|Atomic Absorption and
As we have noted in the section on the Bohr atom, isolated atoms can absorb and emit packets of electromagnetic radiation having discrete energies dictated by the detailed atomic structure of the atoms. When the corresponding light is passed through a prism or spectrograph it is separated spatially according to wavelength, as illustrated in the following image.
|Separation of light by a prism according to wavelength|
|Continuous, emission, and absorption spectra|
|Sources of continuous, emission, and absorption spectra|
Thus, emission spectra are produced by thin gases in which the atoms do not experience many collisions (because of the low density). The emission lines correspond to photons of discrete energies that are emitted when excited atomic states in the gas make transitions back to lower-lying levels.
A continuum spectrum results when the gas pressures are higher. Generally, solids, liquids, or dense gases emit light at all wavelengths when heated.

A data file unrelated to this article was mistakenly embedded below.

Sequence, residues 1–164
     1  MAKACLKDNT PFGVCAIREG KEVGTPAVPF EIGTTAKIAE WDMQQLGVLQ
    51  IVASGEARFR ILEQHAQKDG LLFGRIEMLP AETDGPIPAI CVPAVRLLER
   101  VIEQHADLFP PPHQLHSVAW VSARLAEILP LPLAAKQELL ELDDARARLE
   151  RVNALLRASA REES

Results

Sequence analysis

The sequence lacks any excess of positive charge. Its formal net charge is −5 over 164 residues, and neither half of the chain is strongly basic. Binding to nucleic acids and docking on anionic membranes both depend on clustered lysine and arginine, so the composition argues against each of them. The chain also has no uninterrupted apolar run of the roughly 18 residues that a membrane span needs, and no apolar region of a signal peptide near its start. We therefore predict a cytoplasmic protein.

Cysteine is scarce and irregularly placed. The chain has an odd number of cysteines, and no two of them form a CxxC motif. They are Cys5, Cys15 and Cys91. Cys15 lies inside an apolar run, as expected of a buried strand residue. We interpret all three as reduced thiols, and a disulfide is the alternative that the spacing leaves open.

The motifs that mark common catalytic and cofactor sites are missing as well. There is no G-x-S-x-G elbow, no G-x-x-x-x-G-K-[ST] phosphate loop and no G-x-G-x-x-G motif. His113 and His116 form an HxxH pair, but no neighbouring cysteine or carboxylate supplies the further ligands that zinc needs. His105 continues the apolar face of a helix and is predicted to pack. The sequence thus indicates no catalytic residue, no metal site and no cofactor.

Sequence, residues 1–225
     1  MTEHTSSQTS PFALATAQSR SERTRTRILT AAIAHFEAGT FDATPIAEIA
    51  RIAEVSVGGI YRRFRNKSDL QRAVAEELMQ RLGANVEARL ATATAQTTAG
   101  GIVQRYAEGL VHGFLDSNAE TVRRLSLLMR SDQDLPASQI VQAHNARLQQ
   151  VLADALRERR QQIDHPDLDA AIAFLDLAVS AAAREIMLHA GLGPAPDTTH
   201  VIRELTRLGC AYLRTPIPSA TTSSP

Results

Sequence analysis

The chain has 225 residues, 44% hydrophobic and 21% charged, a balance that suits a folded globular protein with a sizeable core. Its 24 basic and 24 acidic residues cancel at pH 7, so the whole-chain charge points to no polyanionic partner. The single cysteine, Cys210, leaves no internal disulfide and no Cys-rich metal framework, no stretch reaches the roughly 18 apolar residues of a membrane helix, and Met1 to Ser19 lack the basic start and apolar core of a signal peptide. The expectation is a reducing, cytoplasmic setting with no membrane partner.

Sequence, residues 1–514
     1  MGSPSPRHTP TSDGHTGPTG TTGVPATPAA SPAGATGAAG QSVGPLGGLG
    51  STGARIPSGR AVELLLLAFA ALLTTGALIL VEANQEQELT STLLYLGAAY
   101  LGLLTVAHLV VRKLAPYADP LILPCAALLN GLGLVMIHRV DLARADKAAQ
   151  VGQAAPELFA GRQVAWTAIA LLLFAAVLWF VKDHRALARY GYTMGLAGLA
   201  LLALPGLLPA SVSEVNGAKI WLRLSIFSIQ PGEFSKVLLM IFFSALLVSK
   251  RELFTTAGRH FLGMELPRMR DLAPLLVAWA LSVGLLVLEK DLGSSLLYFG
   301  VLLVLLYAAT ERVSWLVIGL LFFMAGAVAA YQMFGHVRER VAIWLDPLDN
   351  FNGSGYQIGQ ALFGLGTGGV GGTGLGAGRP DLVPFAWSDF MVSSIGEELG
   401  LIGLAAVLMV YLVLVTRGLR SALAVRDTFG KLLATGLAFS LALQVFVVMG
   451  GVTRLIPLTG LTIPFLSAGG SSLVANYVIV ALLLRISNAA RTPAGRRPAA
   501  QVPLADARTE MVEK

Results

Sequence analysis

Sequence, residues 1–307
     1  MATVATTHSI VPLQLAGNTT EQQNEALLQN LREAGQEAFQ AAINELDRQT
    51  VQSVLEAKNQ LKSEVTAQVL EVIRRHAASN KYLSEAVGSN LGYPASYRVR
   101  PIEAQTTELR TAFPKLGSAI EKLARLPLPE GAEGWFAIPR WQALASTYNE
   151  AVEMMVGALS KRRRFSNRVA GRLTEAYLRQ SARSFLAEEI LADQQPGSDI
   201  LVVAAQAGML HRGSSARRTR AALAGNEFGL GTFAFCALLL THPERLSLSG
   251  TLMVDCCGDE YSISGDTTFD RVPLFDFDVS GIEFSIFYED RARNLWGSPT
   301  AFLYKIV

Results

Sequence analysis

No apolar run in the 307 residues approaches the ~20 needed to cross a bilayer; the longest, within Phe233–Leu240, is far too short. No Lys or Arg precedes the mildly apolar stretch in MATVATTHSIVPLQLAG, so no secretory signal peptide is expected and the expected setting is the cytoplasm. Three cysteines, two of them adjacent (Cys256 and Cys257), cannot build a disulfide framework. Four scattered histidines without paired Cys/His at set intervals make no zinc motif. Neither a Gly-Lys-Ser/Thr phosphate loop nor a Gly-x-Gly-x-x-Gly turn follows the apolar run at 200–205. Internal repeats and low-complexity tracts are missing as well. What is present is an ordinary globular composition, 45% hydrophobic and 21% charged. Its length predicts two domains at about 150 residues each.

An absorption spectrum occurs when light passes through a cold, dilute gas and atoms in the gas absorb at characteristic frequencies; since the re-emitted light is unlikely to be emitted in the same direction as the absorbed photon, this gives rise to dark lines (absence of light) in the spectrum.
|Hydrogen emission series|
Because of the details of hydrogen's atomic structure, the Balmer Series
is in the visible spectrum and the Lyman Series is in the the UV.
The following image illustrates some of the transitions in the Balmer series.
|The Balmer spectrum of hydrogen|
The Balmer lines are designated by H with a greek subscript in order of decreasing wavelength. Thus the longest wavelength Balmer transition is designated H with a subscript alpha, the second longest H with a subscript beta, and so on.